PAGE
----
That the absolute disjunction of thought from matter involved the impossibility of their interaction, was a consequence not drawn by Descartes himself, but by his immediate followers. Here also, Greek philosophy played its part in hastening the development of modern ideas. The fall of Aristotle had incidentally the effect of reviving not only the systems which preceded, but also those which followed his. Chief among these were Stoicism and Epicureanism. Differing widely in most other respects, they agreed in teaching that body is acted on by body alone. The Cartesians accepted this principle to the fullest extent so far as human perceptions and volitions were concerned; and to a great extent in dealing with the problems of physical science. But instead of arguing from the laws of mechanical causation to the materiality of mind, they argued from its immateriality to the total absence of communication between consciousness and motion. There was, however, one thinker of that age who went all lengths with the later Greek materialists. This was Thomas Hobbes, the founder of modern ethics, the first Englishman to grasp and develope still further Galileo鈥檚 method of mathematical deduction and mechanical analysis.


From utter confusion to extreme nihilism there was but a single step. This step was taken by Gorgias, the Sicilian rhetorician, who held the same relation towards western Hellas and the Eleatic school as that which Protagoras held towards eastern Hellas and the philosophy of Heracleitus. He, like his eminent contemporary, was opposed to the thinkers whom, borrowing a useful term from the nomenclature of the last century, we may call the Greek physiocrats. To confute them, he wrote a book with the significant title, On Nature or Nothing: maintaining, first, that nothing exists; secondly, that if anything exists, we cannot know it; thirdly, that if we know it, there is no possibility of communicating our knowledge to others. The first thesis was established by pushing the Eleatic arguments against movement and change a little further; the second by showing that thought and existence are different, or else everything that is thought of would exist; the third by establishing a similar incommensurability between words and sensations. Grote96 has attempted to show that Gorgias was only arguing against the existence of a noumenon underlying phenomena, such as all idealists deny. Zeller has, however, convincingly proved that Gorgias, in common with every other thinker before Plato, was ignorant of this distinction;72 and we may add that it would leave the second and third theses absolutely unimpaired. We must take the whole together as constituting a declaration of war against science, an assertion, in still stronger language, of the agnosticism taught by Protagoras. The truth is, that a Greek controversialist generally overproved his case, and in order to overwhelm an adversary pulled down the whole house, even at the risk of being buried among the ruins himself. A modern reasoner, taking his cue from Gorgias, without pushing the matter to such an extreme, might carry on his attack on lines running parallel with those laid down by the Sicilian Sophist. He would begin by denying the existence of a 鈥榮tate of Nature鈥; for such a state must be either variable or constant. If it is constant, how could civilisation ever have arisen? If it is variable, what becomes of the fixed standard appealed to? Then, again, supposing such a state ever to have existed, how could authentic information about it have come down to us through the ages of corruption which are supposed to have intervened? And, lastly, granting that a state of Nature accessible to enquiry has ever existed, how can we reorganise society on the basis of such discordant data as are presented to us by the physiocrats, no two of whom agree with regard to the first principles of natural order; one saying that it is equality, another aristocracy, and a third despotism? We do not say that these arguments are conclusive, we only mean that in relation to modern thought they very fairly represent the dialectic artillery brought to bear by Greek humanism against its naturalistic opponents.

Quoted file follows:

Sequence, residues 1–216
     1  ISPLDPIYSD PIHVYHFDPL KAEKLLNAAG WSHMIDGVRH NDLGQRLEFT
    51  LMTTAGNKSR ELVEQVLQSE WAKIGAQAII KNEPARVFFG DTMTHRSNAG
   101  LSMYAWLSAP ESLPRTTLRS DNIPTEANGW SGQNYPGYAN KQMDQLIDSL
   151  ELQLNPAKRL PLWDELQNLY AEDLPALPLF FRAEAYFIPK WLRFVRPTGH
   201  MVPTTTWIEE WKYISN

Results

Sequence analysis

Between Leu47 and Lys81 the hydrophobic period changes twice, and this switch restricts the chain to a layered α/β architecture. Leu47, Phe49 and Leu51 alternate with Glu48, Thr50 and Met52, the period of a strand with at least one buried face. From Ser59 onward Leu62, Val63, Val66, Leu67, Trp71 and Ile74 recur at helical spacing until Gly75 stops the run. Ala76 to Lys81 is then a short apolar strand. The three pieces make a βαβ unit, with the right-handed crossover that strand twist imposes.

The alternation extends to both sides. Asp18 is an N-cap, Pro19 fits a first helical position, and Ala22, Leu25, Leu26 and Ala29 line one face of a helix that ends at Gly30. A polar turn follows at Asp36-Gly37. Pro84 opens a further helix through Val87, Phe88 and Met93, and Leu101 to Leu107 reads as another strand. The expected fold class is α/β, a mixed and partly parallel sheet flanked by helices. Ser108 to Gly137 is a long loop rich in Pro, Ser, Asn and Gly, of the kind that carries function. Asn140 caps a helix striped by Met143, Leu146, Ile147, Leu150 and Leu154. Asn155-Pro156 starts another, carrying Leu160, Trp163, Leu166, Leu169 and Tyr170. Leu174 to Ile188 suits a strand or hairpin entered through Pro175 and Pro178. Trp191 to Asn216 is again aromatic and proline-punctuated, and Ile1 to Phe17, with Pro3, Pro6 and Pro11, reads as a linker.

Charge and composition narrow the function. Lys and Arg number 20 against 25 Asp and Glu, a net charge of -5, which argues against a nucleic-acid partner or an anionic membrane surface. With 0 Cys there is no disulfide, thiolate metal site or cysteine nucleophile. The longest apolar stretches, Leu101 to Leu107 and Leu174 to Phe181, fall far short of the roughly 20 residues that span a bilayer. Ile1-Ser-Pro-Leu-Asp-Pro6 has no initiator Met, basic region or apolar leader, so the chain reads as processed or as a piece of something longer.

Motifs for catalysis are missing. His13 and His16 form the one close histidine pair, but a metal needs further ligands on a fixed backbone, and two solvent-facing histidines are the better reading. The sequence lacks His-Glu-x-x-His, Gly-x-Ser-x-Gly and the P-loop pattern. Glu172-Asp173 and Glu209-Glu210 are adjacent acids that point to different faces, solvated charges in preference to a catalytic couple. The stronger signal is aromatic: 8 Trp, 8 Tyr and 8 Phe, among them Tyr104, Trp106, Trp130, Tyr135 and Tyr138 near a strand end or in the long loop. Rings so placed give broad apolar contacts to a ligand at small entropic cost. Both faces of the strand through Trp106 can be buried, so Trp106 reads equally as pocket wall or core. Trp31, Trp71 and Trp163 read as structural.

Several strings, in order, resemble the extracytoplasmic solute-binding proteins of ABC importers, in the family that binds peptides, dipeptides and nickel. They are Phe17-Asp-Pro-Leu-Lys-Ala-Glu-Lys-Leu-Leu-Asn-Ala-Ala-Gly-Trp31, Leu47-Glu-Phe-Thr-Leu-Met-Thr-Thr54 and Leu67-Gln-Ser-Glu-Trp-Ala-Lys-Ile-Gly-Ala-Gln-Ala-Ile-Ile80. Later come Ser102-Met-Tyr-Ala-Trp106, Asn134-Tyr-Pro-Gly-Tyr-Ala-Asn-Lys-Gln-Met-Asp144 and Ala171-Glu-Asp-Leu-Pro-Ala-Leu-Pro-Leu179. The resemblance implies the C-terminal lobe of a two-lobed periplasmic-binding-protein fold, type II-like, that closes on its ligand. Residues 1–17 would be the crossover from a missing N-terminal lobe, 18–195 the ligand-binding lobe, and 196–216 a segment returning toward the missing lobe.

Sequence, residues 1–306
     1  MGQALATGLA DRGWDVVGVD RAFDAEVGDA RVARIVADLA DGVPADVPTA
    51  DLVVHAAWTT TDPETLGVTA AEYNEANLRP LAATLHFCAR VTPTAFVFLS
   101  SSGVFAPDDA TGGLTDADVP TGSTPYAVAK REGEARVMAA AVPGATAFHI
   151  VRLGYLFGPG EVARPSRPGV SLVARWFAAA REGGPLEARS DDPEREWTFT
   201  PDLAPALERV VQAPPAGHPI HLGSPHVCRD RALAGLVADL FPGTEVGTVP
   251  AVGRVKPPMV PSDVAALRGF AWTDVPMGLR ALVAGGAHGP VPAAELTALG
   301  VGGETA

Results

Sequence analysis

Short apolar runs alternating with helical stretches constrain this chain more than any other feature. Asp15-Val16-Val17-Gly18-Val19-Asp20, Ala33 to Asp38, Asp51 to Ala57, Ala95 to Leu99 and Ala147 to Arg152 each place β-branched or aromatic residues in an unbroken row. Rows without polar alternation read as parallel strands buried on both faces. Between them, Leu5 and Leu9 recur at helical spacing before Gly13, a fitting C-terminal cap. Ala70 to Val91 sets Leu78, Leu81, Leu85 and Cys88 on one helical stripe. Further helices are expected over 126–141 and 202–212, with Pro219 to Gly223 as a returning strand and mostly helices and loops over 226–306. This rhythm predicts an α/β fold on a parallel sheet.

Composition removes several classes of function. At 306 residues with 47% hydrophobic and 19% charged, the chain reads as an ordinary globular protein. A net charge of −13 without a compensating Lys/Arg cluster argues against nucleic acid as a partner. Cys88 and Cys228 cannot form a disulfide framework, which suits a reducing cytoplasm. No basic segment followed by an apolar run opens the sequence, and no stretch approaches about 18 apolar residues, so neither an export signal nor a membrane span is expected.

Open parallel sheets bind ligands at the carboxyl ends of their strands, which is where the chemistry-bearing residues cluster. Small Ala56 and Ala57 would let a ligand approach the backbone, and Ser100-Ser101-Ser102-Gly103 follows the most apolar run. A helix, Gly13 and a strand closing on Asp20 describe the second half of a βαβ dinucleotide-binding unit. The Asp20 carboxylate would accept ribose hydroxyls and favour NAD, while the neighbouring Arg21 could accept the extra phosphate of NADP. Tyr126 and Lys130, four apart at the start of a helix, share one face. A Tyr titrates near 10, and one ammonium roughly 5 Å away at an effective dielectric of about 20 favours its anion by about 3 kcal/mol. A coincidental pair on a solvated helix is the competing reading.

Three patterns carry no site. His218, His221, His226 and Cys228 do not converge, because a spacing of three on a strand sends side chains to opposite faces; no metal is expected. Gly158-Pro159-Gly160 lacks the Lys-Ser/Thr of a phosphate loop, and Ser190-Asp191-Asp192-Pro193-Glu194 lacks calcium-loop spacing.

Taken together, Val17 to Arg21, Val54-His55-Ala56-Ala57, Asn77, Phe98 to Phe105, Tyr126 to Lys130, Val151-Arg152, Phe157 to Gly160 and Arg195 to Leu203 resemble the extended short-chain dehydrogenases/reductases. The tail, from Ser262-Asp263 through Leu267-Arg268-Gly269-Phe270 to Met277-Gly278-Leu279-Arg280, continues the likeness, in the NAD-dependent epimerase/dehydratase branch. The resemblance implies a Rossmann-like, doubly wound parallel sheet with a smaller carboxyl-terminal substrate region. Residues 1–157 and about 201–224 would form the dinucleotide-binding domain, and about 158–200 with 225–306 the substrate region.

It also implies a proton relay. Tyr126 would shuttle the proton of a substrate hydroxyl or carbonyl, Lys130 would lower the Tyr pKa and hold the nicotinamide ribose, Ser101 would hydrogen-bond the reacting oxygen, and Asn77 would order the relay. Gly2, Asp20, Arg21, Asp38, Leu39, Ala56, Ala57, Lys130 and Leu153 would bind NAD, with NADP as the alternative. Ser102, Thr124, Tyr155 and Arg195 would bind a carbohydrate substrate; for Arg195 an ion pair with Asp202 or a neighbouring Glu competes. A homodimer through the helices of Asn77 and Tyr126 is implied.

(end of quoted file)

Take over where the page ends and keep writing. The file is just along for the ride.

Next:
But while philosophers cannot prescribe a method to physical science, they may, to a certain extent, bring it under their cognisance, by disengaging its fundamental conceptions and assumptions, and showing that they are functions of mind; by arranging the special sciences in systematic order for purposes of study; and by investigating the law of their historical evolution. Furthermore, since psychology is the central science of philosophy, and since it is closely connected with physiology, which in turn reposes on the inorganic152 sciences, a certain knowledge of the objective world is indispensable to any knowledge of ourselves. Lastly, since the subjective sphere not only rests, once for all, on the objective, but is also in a continual state of action and reaction with it, no philosophy can be complete which does not take into account the constitution of things as they exist independently of ourselves, in order to ascertain how far they are unalterable, and how far they may be modified to our advantage. We see, then, that Socrates, in restricting philosophy to human interests, was guided by a just tact; that in creating the method of dialectic abstraction, he created an instrument adequate to this investigation, but to this alone; and, finally, that human interests, understood in the largest sense, embrace a number of subsidiary studies which either did not exist when he taught, or which the inevitable superstitions of his age would not allow him to pursue.